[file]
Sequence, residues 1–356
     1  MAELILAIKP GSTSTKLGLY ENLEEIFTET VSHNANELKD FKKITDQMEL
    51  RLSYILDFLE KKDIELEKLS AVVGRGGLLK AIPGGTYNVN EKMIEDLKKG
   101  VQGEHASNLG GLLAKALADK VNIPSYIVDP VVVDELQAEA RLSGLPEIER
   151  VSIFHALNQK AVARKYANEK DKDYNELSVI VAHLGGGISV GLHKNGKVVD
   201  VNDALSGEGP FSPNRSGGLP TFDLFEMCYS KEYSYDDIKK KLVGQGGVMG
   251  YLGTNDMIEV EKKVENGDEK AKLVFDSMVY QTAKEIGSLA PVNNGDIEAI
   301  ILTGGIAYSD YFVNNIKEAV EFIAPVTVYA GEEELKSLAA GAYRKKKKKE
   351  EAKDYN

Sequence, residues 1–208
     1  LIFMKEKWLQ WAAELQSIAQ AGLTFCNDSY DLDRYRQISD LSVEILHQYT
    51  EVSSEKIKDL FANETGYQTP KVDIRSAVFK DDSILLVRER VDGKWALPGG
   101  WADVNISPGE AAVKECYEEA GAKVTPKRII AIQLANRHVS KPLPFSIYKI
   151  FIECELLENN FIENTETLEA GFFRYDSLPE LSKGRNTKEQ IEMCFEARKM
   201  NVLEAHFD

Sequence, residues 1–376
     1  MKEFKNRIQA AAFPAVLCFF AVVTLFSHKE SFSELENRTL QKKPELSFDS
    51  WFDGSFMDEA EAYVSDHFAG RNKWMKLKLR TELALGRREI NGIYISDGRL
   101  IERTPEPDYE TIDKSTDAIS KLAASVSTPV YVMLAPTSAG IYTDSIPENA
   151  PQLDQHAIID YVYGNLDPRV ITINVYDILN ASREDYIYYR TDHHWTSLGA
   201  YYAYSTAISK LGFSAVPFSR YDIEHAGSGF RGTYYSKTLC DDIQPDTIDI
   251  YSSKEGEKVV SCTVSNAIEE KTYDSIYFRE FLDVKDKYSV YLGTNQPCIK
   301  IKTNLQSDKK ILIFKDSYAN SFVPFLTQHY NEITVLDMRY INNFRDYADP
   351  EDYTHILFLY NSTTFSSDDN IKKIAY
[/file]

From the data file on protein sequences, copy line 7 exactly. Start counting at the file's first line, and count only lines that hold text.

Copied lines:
   251  YLGTNDMIEV EKKVENGDEK AKLVFDSMVY QTAKEIGSLA PVNNGDIEAI